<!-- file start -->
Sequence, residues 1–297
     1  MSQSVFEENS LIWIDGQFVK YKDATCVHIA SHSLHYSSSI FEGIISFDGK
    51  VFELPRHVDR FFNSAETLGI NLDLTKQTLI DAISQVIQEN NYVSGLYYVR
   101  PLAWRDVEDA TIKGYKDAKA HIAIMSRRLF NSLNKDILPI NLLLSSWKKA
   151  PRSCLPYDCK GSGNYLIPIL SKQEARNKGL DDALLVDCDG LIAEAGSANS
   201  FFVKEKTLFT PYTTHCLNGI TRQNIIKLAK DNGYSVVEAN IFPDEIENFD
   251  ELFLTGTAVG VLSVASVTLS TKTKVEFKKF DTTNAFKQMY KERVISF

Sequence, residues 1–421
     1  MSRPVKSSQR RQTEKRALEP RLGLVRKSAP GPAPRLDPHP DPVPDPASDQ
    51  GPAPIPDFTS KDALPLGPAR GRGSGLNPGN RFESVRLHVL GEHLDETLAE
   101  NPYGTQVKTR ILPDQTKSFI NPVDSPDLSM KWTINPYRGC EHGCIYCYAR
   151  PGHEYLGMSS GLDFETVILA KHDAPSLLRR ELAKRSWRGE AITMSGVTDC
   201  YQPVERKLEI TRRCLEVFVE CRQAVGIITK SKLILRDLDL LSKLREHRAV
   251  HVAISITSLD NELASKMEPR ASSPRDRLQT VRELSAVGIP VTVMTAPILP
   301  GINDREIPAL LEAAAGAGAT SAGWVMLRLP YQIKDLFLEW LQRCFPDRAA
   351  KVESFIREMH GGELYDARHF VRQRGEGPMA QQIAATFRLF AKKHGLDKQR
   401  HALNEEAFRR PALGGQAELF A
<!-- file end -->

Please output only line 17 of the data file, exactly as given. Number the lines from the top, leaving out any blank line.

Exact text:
   401  HALNEEAFRR PALGGQAELF A